A recent government report has offered some new guidelines about the amount of Vitamin D we should consume on a daily basis.
As a general rule, everyone, all adults and children over the age of one should consume 10 micrograms of this essential vitamin every day. But why? The experts at vitamin supplement retailer, Pharma Nord, explain what this essential vitamin does and why it’s so important.
What does vitamin D do?
This vital vitamin is important as it helps the body to absorb calcium and phosphate from our diet. Because calcium and phosphate are essential for maintaining healthy bones, teeth and muscles, it’s essential that we keep our vitamin levels at the optimum level.
Only 10% of our daily intake of this vitamin comes from our diet and the other 90% must come from sunlight. Because we predominantly rely on sunlight for Vitamin D, it’s often difficult to get the amount that we require during autumn and winter, no matter how many winter walks we go on. This is because sunlight doesn’t contain enough UVB radiation between October and early March in the UK. Instead, many people take supplements to try and up their vitamin intake and prevent a deficiency occurring.
What happens if you don’t get enough vitamin D?
If your vitamin levels drop too low, you will have a deficiency.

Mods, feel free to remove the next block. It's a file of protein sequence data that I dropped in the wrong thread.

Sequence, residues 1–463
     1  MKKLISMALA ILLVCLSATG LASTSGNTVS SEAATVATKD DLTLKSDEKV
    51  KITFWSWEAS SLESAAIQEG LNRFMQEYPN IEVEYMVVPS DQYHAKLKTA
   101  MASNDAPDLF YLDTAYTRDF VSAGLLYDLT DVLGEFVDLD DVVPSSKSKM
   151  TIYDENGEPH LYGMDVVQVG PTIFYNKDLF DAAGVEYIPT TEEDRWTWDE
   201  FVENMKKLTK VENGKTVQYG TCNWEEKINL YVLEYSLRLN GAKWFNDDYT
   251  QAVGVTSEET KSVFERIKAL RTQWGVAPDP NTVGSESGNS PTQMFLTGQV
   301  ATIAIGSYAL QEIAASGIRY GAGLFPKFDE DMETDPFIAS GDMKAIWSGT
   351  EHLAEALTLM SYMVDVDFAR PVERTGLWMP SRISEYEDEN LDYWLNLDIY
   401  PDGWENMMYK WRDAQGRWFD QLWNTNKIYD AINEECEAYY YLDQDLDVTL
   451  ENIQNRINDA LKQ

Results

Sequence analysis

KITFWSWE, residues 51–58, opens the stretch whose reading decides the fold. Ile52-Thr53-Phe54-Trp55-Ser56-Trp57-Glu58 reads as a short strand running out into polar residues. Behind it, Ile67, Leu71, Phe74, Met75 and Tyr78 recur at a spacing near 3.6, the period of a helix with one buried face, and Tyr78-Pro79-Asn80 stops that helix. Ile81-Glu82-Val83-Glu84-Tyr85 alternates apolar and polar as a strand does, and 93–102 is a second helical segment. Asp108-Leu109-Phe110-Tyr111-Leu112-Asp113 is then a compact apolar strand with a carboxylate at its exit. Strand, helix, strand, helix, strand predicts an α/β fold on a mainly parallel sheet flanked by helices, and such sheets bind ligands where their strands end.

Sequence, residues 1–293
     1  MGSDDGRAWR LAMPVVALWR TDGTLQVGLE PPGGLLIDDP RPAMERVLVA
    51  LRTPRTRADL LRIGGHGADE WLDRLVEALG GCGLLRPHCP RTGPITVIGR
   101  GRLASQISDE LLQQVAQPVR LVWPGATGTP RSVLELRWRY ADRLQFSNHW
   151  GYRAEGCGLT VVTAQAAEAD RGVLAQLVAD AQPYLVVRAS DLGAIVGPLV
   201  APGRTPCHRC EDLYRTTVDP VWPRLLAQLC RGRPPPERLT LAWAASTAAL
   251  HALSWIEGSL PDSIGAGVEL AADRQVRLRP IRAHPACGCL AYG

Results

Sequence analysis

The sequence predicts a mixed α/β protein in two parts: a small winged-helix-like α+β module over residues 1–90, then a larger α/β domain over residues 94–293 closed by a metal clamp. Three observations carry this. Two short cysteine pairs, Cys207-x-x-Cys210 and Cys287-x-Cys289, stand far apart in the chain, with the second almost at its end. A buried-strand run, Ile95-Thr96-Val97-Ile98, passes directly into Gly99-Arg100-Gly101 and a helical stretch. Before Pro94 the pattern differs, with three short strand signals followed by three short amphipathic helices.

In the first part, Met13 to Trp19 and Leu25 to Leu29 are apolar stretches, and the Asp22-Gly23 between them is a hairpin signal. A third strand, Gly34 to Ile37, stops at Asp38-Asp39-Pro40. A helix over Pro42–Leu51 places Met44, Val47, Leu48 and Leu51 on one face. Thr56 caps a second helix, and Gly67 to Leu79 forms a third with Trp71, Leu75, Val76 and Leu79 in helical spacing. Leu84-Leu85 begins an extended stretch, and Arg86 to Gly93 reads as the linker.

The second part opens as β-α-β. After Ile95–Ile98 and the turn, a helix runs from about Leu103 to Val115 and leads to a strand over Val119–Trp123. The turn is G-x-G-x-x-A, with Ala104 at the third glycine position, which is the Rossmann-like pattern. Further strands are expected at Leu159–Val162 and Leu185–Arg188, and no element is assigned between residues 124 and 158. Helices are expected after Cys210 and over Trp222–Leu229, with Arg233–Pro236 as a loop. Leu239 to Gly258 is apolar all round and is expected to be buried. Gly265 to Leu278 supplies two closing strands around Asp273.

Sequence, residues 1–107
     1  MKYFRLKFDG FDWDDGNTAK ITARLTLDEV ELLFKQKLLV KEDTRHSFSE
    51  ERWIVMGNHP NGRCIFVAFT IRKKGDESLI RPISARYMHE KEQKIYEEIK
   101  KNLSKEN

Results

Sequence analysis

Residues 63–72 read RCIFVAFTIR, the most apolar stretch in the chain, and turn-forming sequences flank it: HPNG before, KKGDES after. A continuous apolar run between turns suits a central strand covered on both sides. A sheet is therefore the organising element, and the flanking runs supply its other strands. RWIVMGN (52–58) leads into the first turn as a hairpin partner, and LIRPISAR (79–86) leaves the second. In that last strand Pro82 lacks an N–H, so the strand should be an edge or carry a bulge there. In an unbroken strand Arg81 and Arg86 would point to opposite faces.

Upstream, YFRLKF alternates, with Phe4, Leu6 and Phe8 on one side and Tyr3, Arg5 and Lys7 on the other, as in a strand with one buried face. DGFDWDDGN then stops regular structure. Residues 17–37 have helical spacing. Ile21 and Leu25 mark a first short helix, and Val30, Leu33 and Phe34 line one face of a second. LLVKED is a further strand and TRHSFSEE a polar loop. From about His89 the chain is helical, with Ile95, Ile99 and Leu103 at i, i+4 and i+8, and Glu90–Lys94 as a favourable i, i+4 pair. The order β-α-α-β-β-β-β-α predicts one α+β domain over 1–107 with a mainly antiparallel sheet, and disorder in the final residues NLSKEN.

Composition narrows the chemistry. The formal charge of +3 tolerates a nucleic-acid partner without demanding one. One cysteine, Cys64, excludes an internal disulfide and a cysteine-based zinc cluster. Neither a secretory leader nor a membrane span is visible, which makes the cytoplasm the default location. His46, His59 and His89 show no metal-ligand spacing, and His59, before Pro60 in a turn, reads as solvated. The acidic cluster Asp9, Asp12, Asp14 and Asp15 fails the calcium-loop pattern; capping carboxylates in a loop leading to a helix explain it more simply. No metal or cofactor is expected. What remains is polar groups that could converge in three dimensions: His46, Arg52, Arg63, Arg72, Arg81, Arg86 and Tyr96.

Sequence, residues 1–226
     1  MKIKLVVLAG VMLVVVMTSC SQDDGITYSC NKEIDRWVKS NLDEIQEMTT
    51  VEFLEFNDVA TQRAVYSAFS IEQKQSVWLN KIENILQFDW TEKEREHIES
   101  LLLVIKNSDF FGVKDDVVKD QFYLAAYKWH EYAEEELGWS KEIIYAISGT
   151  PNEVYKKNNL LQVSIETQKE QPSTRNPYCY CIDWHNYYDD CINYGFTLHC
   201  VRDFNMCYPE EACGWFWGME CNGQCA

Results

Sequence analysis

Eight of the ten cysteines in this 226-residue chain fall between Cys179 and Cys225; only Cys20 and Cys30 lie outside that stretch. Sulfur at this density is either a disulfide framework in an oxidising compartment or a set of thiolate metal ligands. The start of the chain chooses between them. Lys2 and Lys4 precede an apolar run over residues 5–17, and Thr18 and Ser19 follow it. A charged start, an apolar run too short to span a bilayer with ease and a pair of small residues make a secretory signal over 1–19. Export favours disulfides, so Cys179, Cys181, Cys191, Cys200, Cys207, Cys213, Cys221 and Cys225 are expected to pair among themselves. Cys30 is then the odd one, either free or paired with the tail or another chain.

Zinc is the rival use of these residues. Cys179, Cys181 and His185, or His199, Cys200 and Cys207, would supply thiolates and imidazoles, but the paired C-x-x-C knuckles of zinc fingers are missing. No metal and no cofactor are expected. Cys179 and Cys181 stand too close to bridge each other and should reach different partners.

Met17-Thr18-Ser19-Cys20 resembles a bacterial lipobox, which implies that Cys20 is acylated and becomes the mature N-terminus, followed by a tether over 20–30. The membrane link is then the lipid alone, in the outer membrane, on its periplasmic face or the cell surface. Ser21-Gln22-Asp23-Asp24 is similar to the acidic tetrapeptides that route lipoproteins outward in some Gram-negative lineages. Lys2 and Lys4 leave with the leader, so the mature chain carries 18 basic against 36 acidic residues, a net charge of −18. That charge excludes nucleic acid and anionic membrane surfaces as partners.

Vitamin D is crucial to the health of bones and teeth; without it calcium cannot be effectively absorbed by your body. A vitamin deficiency can result in bone and muscle pain, poor bone mineralisation and a greater risk of osteoporosis and fractures as we age.
Vitamin D can stimulate the body’s production of anti-viral and anti-bacterial proteins. This makes it an effective nutrient to boost immunity and protect against colds and flu. People with low levels of this vitamin are 40% more likely to visit their GP with respiratory infections. Deficiency is also associated with increased risk of auto-immune disorders such as multiple sclerosis.
Who is effected by vitamin D deficiencies?
Some people are more at risk of vitamin deficiencies than others. Those at greater risk include babies from birth to one year old; children aged between one and four and the elderly.
Vitamin D synthesis is also inhibited by lack of sunshine or covering up with clothes. Pregnant and breast-feeding mothers and people with darker skin pigmentation may also have inadequate UV exposure.
can Vitamin supplements help?
Public Health England recommends that everyone considers taking vitamin D supplements in autumn and winter to ensure they get enough of this essential vitamin.
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